Tunnel Shaft Dewatering Dealing with Stratified Soils Below the Water Table

WellpointDewateringLogo Advancing a tunnel shaft is akin to an archeological dig. The process is relatively slow with the support structure advancing plate by plate with the excavation. When the shaft is completely above the water table this is a rhythmic process with few hiccups. Even if the shaft is below the water table and the soils are relatively uniform and permeable, the site can be dewatered to provide the same conditions as would be found above the water table.

However, if the shaft is below the water table and the soil structure is stratified, the tunnel shaft is advancing “against the grain” and “in the wet,” which presents critical problems. If wet soil material is allowed to flow in at the dig level, voids will develop behind the shoring. This can result in “soil piping,” which can result in subsidence. At its worst, the shaft could collapse or even flip in the excavation, resulting in possible injury to workers and ruining the site and surrounding structures. At its best, the voids can be pumped full of grout and serious damage avoided. But inspectors don’t take kindly to voids behind the plates, filled or not, and can shut the job down until a plausible plan of action is created.

To avoid such possibilities, before the bid, dewatering contingency plans should always be included in the schedule.

The conventional dewatering remedies installed outside the shaft include the following:

  • Deep wells if the soils are permeable from top to well below the bottom of the shaft
  • Vacuum-assisted deep wells for the same reasons but when sands are very fine or clayey
  • Vacuum-assisted wellpoints if the shaft is shallow, no more than 20 ft deep, or the wellpoints can be benched down below the natural ground surface outside the shaft
  • Eductor wells if the soil is very tight but will drain

Concrete soldier piles or a grout curtain in very low permeability soils when the wet soils won’t drain freely.

If the soil is mostly stable and doesn’t flow, sumps and vacuum-assisted wellpoints are effective inside the shaft if there is room.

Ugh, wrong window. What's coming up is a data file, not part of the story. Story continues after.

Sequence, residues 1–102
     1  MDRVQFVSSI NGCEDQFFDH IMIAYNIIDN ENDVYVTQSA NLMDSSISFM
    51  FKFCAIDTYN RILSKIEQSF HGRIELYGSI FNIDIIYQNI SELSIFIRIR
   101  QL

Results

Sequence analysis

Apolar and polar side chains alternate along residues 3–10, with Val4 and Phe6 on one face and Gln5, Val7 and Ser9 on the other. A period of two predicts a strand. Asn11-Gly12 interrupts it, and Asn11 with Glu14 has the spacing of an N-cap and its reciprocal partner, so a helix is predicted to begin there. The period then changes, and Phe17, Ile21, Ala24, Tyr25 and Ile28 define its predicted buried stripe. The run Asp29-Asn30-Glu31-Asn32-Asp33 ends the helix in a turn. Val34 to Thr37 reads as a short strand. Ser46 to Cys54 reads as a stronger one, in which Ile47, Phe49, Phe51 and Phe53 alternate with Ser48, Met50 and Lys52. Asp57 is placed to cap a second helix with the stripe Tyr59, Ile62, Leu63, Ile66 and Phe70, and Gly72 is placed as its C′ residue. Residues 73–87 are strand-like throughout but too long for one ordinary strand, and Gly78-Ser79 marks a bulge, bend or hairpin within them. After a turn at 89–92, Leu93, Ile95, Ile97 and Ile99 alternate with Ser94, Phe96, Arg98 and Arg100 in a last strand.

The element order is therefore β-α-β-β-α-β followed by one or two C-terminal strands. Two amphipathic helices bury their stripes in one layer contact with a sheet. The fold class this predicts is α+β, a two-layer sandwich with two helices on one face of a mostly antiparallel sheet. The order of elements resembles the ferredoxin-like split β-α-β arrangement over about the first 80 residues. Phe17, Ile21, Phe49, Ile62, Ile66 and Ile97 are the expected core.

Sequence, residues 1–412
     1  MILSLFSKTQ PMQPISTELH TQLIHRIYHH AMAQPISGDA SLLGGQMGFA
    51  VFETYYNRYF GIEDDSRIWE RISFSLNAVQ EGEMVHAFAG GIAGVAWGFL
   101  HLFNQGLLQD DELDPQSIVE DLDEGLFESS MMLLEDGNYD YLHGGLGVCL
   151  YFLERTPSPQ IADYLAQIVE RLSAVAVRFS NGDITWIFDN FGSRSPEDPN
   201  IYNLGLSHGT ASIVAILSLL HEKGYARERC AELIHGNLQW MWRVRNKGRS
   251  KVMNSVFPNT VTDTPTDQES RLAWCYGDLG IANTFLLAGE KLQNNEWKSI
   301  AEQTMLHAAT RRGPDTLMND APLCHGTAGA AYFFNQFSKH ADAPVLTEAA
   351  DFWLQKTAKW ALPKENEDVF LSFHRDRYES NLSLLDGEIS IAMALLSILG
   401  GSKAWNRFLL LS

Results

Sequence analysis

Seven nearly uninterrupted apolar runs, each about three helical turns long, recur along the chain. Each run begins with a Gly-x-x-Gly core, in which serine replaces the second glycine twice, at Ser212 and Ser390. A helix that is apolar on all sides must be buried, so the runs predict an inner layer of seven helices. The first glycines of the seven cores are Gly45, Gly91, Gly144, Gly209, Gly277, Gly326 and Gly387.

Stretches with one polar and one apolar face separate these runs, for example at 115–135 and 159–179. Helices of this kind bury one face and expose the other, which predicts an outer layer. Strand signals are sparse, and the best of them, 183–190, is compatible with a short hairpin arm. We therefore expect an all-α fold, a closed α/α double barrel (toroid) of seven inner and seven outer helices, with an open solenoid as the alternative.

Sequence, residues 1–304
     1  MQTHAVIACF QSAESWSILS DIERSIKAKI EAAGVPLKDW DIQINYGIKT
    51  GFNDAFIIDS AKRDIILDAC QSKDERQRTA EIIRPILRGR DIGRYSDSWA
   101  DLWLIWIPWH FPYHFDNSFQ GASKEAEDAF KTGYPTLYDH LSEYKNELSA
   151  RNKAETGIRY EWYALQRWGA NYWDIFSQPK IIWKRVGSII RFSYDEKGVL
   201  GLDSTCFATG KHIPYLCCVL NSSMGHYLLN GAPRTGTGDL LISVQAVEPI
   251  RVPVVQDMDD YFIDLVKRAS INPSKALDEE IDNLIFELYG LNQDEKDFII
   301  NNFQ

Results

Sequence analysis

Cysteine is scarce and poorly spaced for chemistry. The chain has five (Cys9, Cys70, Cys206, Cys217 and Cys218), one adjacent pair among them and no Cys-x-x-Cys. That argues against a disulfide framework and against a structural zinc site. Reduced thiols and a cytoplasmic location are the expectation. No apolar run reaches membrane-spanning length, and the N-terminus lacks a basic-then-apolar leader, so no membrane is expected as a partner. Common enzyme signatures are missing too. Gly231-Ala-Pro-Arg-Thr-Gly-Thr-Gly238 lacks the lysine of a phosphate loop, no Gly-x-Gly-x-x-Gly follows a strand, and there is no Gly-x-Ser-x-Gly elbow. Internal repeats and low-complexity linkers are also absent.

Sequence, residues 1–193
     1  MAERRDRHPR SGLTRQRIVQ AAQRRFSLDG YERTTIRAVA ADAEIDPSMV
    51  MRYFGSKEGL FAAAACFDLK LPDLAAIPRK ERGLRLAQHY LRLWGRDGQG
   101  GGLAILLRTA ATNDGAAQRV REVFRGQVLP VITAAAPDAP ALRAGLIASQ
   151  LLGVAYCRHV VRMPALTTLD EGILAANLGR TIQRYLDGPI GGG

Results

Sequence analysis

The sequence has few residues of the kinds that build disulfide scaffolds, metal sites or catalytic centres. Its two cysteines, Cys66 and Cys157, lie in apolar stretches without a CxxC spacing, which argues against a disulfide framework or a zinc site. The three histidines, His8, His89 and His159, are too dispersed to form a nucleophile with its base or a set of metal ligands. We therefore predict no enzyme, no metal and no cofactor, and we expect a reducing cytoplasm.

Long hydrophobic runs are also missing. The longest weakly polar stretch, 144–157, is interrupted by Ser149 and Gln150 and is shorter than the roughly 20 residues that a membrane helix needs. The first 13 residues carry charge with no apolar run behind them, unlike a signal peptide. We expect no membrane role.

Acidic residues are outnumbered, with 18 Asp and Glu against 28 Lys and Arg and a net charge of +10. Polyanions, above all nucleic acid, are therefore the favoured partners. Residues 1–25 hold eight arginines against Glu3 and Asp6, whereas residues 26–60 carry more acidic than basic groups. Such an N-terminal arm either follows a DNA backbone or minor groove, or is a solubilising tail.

In known stratified soils, the potential for being stopped dead in your “wet” tracks has to be faced before digging in the first ring of shoring. The usual practice is to ring the shaft with deep wells set close to the shoring to pre-drain the soil, hoping that the well bore hole drilled through the strata will drain the water to the bottom of the well. The fallacy is that the bore hole is not a hole because it is filled with filter sand. The second fact is that water will always take the path of least resistance. So, as the shaft is advanced toward an impervious, usually clay, strata the ground water sees the shaft as a very large well. It finds it easier to flow to the open excavation rather than abruptly turn 90 degrees and fight its way through the bore hole filter sand. Like a weather pattern, the excavated shaft is the low pressure system and the ground water is the high pressure system.

Contingency planning when building a tunnel shaft construction schedule is usually dependent on the construction easement. Usually the easement doesn’t allow the needed space to install much of an exterior dewatering system. Because of this common fact, deep wells are often chosen and drilled very close to the shaft regardless of what the soil borings say. Unfortunately in stratified soils, deep well traits cater to logistics but not to the goal of dewatering the shaft. Dewatering planning is critical to a successful construction schedule and it is prudent to engage the help of a knowledgeable dewatering firm with a history of successful tunnel shaft dewatering projects for advice. The past successes should include projects that required quickly adjusting to abrupt changes in soil conditions or to uncovered water sources like leaky water mains or abandoned pipelines. Dewatering technique hinges on dealing with, and anticipating, unknown conditions and quickly modifying the system to address them. This includes contaminated ground water or water with naturally high levels of soluble iron or calcium.